Saturday, January 12, 2013

Simple Machines - Fun Game for Learning About Physics

Earlier this week I wrote about Code Fred from the Museum of Science and Industry, Chicago. Code Fred is a fun game for learning about the human respiratory system. This afternoon I had a bit of fun playing Simple Machines which is another game from the Museum of Science and Industry, Chicago.

Simple Machines is a game that is designed to help students learn about the basic physics principles involved in the use of levels, pulleys, planes, axles, and wheels. The object of the game is to help a robot character named Twitch gather the pieces needed to make a simple machine. In order to gather the pieces students have to help Twitch climb over objects using inclined planes, roll to objects as efficiently as possible, and lift objects by using pulleys and levers.

Applications for Education
Simple Machines could be a fun game to use as the introduction to an elementary school lesson about levers, pulleys, and basic physics principles. At the end of each section of the game students can read a short lesson about the planes, levers, pulleys, wheels, and axles.

The Week in Review - The Most Popular Posts

Morrison ponders the frozen pond.
Good afternoon from Greenwood, Maine. I'm a little late on posting this week's review post because I was so excited to go ice fishing for the first time this winter that I rushed out this morning without even looking at a computer. Now that we're back from ice fishing (no fish were caught), it's time to publish the list of this week's most popular posts. And wherever you are in the world today, I hope that you're making time to do something fun too.

Here are this week's most popular posts: 
1. Share ThingLink Images in Edmodo
2. Inside Islam: What a Billion Muslims Really Think
3. Perfect Pitch - A Game for Learning About Musical Instruments
4. Three Tools Students Can Use for Collaboratively Brainstorming on the Web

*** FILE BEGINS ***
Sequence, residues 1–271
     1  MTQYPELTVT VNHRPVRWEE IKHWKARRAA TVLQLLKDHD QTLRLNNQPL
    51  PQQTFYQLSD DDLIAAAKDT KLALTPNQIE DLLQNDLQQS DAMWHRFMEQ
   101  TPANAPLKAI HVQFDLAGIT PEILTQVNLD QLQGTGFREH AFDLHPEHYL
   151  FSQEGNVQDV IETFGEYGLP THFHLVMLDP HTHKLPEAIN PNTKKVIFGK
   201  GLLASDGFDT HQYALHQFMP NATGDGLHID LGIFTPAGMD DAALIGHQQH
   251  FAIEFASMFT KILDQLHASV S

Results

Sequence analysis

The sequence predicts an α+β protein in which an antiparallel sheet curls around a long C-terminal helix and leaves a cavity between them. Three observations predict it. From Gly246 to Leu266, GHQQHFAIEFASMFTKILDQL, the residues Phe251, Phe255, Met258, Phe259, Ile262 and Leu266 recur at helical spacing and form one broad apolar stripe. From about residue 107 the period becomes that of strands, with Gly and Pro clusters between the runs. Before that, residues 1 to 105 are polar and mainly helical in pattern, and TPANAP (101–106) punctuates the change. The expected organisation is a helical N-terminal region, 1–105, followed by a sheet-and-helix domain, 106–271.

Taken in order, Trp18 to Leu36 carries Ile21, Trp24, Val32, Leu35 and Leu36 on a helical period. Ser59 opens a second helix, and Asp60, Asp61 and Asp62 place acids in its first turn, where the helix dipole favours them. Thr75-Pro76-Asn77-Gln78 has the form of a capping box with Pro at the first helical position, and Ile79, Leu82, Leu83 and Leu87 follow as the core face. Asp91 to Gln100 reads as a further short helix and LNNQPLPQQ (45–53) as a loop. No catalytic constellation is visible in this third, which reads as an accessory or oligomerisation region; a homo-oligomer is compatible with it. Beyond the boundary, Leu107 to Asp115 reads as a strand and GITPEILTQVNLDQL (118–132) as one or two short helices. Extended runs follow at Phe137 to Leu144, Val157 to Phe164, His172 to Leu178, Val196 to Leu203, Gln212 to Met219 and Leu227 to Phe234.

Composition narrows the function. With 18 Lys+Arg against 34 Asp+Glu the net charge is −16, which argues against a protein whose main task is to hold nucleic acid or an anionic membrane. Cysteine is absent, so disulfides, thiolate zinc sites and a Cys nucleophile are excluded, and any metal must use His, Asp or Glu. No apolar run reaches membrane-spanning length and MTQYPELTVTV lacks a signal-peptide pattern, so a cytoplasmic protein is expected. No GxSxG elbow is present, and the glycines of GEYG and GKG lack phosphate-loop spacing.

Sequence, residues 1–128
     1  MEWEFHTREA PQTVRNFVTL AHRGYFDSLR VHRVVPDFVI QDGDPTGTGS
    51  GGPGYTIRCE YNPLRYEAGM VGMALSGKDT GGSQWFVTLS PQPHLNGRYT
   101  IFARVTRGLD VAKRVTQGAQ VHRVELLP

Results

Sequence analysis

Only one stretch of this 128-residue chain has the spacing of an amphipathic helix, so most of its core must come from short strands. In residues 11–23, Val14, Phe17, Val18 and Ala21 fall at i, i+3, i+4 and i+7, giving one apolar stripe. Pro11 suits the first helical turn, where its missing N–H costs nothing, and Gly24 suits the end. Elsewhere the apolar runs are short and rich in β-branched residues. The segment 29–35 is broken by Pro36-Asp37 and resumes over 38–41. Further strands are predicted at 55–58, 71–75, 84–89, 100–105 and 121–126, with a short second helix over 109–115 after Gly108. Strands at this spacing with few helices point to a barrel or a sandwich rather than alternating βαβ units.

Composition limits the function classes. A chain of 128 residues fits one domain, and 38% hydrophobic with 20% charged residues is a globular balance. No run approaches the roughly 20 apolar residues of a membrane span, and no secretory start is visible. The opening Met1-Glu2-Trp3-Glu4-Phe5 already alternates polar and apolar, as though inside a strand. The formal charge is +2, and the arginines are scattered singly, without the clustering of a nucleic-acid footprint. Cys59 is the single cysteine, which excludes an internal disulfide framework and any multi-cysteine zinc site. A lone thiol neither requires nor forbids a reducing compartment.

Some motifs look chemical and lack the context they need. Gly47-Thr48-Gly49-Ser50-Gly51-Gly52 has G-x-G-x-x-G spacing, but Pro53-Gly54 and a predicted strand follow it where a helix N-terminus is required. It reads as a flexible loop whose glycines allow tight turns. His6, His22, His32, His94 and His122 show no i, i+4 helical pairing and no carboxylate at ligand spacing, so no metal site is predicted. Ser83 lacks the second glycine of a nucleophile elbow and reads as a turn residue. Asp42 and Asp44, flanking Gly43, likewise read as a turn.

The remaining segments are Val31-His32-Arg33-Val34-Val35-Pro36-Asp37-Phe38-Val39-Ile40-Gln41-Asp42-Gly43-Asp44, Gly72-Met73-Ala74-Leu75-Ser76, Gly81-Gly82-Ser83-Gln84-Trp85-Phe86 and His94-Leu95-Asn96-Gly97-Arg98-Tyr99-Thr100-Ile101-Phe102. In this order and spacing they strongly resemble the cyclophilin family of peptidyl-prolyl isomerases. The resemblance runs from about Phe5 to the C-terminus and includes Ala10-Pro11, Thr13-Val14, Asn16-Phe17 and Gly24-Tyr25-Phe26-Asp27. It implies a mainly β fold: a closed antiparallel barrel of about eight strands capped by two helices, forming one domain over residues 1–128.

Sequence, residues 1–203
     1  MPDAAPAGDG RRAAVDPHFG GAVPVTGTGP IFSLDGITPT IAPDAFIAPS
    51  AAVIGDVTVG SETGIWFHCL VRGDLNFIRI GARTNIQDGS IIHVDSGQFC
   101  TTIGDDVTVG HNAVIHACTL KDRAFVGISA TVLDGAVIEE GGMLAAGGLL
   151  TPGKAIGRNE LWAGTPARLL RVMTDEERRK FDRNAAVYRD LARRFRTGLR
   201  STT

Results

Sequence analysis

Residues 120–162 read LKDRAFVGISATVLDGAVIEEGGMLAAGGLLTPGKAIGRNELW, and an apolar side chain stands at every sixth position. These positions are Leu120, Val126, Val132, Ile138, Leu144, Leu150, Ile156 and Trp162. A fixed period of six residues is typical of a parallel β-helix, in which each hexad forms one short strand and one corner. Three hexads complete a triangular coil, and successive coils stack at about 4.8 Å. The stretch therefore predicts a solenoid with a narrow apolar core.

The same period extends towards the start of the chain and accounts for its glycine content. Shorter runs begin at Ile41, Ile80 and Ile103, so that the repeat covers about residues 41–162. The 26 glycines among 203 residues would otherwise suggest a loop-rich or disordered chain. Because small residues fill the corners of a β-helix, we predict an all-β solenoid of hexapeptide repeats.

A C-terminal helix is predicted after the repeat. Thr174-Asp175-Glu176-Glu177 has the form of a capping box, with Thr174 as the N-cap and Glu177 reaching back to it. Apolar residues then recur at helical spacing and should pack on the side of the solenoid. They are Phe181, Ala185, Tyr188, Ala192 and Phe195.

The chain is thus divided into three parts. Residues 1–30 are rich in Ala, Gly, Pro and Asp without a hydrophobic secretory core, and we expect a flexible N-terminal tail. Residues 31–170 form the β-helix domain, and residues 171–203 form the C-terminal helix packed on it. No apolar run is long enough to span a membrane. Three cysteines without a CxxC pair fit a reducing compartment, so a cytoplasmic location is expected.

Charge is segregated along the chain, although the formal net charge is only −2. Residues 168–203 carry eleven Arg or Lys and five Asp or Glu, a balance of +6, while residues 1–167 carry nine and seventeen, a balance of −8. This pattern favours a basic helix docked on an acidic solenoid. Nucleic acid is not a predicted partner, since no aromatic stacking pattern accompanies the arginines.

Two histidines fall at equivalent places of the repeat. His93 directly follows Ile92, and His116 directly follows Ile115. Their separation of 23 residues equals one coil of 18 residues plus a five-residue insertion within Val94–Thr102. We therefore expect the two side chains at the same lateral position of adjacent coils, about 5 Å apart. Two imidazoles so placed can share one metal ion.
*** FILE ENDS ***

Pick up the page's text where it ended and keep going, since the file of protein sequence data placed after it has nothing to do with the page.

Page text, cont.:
5. 26 Ways to Use Comics in the Classroom and 5 Ways to Make Comics Online
6. Crunchzilla's Code Monster Teaches Kids Javascript Programming
7. Use Wolfram Alpha to Create a Strong Password

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Friday, January 11, 2013

26 Ways to Use Comics in the Classroom and 5 Free Tools for Creating Comics

One of the most popular posts that I've published on Free Technology for Teachers is a list of ten free tools for creating comics online. I wrote that post three years ago. Since then some of the tools have gone offline or started charging users. So I think it's time to share a new list. Here are five free tools for creating comics online.

Comic Master is a free tool designed for students to use to create comics in the "graphic novel style" that is popular with a lot of kids in the ten to fourteen years old age range. Comic Master provides a drag and drop interface for students to build their comics on. Students using Comic Master can select from a variety of layouts, backgrounds, characters, effects, and fonts. Students can create free accounts on Comic Master to save their works and edit them whenever they like. Comic Master gives students the option to create and print multiple page stories.